Theses and Dissertations

Issuing Body

Mississippi State University


Young, John K.

Committee Member

Wipf, Daivd O.

Committee Member

Xia, Kang

Committee Member

Saebø, Svein

Committee Member

Henry, William P.

Date of Degree


Document Type

Dissertation - Open Access



Degree Name

Doctor of Philosophy


College of Arts and Sciences


Department of Chemistry


The studies of enzymes from extreme sources have gained significance due to their increasing potential applications. The proteins from halophiles (salt loving) have adapted to challenging environmental conditions and require salt for their structure and function. How halophilic proteins adapt to a hypersaline environment is still an intriguing question. It is important to mimic the environmental conditions of the sample under investigation with experimental techniques. In this study, structure and dynamic features of a halophilic enzyme have been investigated under high salt conditions. The acquisition of NMR data on high salt samples has always been problematic. We have devised a simple and elegant approach for obtaining NMR data for a protein in a high salt buffer that allows for virtually complete 1H, 13C, and 15N assignments. These data were then used to calculate the NMR derived structure of Haloferax volcanii dihydrofolate reductase in 3.5 M NaCl. Structure calculations showed that this protein folds in a similar manner as investigated in the crystal structures of Haloferax volcanii dihydrofolate reductase and Escherichia coli dihydrofolate reductase. To understand the effect of salt on flexibility as well as activity, NMR relaxation studies at 3.5 M and 1.0 M salt concentration were carried out. NMR dynamics of this enzyme revealed that the loss of activity as the salt concentration is lowered is due to lose in the inherent flexibility across the backbone, particularly in the catalytic loops.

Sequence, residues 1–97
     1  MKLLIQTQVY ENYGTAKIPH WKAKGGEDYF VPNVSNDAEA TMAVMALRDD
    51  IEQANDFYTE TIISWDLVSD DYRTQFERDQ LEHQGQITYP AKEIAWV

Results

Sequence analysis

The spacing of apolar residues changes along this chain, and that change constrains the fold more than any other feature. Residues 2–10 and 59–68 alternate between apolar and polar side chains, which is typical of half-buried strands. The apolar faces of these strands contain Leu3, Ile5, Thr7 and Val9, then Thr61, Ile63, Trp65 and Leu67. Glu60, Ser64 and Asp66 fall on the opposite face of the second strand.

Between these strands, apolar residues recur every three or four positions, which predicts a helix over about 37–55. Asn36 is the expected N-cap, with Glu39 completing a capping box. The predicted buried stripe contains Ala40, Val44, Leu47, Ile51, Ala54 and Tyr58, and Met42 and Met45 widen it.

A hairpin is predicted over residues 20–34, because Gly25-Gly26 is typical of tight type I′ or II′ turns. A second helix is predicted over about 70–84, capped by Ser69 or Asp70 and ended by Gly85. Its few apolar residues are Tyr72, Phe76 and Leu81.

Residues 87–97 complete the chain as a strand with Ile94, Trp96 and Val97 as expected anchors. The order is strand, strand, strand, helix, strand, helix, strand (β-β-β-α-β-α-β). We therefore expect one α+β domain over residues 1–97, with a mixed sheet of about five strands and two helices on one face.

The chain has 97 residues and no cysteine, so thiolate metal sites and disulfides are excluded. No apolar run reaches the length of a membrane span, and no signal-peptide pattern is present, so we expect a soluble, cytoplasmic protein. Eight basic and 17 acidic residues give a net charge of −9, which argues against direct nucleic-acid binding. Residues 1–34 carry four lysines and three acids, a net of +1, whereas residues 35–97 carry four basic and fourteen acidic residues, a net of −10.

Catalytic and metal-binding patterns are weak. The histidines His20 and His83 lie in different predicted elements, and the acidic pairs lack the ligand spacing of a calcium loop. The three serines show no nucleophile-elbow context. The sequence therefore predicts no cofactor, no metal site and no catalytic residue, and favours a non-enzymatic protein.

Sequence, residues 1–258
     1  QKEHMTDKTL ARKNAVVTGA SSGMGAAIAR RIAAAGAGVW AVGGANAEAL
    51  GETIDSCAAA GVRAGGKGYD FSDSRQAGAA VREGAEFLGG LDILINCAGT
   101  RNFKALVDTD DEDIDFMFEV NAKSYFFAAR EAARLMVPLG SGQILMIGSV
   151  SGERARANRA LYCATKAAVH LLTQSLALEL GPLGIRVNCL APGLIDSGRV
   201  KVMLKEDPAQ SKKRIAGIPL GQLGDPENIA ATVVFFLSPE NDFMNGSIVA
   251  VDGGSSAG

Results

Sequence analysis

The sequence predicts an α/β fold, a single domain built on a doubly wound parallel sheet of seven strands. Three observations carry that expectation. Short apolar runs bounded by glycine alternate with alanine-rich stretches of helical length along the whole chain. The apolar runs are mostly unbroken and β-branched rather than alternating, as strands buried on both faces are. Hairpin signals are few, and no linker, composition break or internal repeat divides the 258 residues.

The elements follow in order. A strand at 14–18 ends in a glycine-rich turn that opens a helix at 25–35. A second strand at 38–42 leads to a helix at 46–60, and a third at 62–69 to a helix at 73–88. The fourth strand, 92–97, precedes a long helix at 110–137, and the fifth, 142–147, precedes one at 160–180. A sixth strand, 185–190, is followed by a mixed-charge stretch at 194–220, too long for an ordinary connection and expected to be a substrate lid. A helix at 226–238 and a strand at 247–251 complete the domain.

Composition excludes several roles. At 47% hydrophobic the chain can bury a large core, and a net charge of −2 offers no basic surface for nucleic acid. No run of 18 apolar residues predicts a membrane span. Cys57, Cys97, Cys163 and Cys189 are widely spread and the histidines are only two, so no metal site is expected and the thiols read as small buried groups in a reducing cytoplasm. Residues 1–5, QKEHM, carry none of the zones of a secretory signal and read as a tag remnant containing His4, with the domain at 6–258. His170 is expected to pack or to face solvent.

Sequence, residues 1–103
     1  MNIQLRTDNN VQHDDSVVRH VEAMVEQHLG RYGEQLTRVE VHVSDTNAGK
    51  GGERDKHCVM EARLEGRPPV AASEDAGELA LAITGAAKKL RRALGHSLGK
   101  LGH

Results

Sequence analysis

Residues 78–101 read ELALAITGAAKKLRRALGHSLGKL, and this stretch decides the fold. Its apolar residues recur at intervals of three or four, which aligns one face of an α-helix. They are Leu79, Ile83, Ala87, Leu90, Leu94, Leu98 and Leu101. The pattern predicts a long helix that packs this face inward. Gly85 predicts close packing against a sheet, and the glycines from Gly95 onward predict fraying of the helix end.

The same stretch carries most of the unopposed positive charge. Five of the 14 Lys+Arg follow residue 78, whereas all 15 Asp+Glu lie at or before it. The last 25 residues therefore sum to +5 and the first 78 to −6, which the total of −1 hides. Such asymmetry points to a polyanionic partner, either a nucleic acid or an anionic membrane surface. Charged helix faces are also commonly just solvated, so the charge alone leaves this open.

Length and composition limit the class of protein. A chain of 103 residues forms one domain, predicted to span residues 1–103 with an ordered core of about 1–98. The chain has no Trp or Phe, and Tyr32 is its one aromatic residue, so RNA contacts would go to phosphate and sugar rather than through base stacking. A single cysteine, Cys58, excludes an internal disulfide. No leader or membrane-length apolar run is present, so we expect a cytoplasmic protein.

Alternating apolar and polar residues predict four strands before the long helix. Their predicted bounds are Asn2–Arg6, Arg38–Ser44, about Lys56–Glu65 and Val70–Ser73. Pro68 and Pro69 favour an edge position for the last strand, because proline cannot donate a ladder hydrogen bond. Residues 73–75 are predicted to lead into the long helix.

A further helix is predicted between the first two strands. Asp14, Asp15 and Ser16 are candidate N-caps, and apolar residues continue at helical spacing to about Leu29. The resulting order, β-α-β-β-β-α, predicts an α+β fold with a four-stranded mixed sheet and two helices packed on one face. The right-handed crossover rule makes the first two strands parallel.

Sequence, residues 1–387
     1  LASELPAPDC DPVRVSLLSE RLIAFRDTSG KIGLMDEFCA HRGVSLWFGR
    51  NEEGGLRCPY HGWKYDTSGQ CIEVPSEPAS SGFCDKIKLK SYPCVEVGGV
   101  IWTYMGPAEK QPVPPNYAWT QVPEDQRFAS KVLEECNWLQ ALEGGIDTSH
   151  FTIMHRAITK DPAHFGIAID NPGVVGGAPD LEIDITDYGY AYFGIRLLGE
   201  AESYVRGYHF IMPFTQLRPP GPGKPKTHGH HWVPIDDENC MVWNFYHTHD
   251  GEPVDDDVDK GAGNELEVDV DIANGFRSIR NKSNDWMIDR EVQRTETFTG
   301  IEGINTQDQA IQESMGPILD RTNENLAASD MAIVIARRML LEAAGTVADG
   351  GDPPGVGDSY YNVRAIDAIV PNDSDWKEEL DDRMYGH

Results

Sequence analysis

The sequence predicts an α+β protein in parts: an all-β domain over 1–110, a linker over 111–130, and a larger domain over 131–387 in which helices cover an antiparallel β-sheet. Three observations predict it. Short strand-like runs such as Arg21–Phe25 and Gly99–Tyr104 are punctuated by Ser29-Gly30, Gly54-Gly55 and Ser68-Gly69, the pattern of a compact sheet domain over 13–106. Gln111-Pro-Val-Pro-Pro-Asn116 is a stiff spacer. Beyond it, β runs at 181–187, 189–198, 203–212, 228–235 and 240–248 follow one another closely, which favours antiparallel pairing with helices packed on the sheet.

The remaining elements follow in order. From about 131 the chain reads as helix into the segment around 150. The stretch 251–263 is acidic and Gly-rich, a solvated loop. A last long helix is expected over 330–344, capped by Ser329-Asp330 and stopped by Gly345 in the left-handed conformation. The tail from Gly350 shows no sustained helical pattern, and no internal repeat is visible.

NMR||DHFR||haloferax volcanii||high salt